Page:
Saturday, September 25, 2010

Standards Of Performance

"What are you doing with that rake?... No, that is not raking.... What? Different styles of raking? No, there's one style, and then there's bullshit. Guess which one you're doing." - Justin Halpern's Dad
Burpee Gone Bad

I don't know how you can screw up some exercises, but it happens. Deadlifts become one-inch health lifts, military presses start from eyebrow level, burpees become the lazy-man's version of a clapping push-up, and squats become Kegel exercises with a slightly greater range of motion.

If you choose to do a limited range of motion squat, fine - by all means, go for it. But, don't call it a squat, it's a squat variant (maybe even a "quarter-squat"). In your training log, there should be at least some reference to quality of movement if wide variation exists among your sets and repetitions. Documentation becomes important as we walk down the road to mastery because if, for example, you take 5 minutes to do 50 push-ups, downward dogging every fifth repetition, it's fundamentally different than if you bang them out without rest and solid plank position the whole way through - without any note of this in your log, even if your training density and movement quality improve, it's still just "Push-Ups: 50 reps".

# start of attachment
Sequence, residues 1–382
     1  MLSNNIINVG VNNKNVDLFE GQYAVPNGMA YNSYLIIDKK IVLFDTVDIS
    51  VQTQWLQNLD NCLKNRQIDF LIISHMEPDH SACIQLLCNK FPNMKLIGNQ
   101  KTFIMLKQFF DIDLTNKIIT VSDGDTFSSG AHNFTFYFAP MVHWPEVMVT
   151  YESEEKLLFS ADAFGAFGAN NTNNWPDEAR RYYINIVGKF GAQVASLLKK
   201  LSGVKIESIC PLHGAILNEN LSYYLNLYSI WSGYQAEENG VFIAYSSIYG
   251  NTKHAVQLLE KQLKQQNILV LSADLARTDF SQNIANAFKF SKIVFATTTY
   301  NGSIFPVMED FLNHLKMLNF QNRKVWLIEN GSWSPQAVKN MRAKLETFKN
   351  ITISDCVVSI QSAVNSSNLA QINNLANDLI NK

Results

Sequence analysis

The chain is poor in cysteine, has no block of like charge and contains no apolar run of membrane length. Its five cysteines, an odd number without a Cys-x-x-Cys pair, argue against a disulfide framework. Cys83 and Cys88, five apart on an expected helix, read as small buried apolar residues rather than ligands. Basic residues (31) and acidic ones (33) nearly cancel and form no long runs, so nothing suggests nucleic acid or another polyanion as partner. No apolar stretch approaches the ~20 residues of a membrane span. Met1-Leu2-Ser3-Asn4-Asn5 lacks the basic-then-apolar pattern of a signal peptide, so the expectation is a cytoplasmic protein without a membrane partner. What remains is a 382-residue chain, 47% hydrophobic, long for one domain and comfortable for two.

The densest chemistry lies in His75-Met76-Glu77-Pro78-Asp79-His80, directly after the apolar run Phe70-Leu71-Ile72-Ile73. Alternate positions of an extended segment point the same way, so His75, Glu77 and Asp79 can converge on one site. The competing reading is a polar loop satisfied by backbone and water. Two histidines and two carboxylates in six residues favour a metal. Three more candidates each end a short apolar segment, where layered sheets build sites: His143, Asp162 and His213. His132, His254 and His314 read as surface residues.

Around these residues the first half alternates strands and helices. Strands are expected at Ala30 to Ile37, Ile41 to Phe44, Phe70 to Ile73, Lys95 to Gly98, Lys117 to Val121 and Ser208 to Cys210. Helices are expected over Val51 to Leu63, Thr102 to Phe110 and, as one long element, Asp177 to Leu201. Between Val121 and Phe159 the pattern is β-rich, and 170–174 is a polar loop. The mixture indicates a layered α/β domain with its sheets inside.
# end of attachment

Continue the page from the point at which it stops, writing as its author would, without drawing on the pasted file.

I feel compelled to insist that I AM NOT A "FORM NAZI", but there needs to be some kind of standard when it comes to exercise performance, or we all start down that slippery slope toward partner-assisted trampoline-chest presses that many gym goers know as simply "the bench press". 


Alexander said...

Good point. It is easy to fool oneself that one is doing something that one is not doing. My guess is that push-ups is the most massacrated exercize there is from this regard.

mommamel said...

I would like to inject that when I was a beginner of all body weight exercises my form was good but my movement was slight. I asked my instructor if it was better for me to do a "girl" push up or do a very limited range of motion push up. I was informed that if I want to be able to do a push up then I might as well just start there. My squat was no different. It wasn't until just this week that I think I did my 1st official burpee. It takes time and a lot of practice to get it right.

Boris said...

Thank you Alexander.

We all do what we need to do - nothing wrong w. that at all.
Yes, it does take time and a lot of practice - you'll get no argument from me!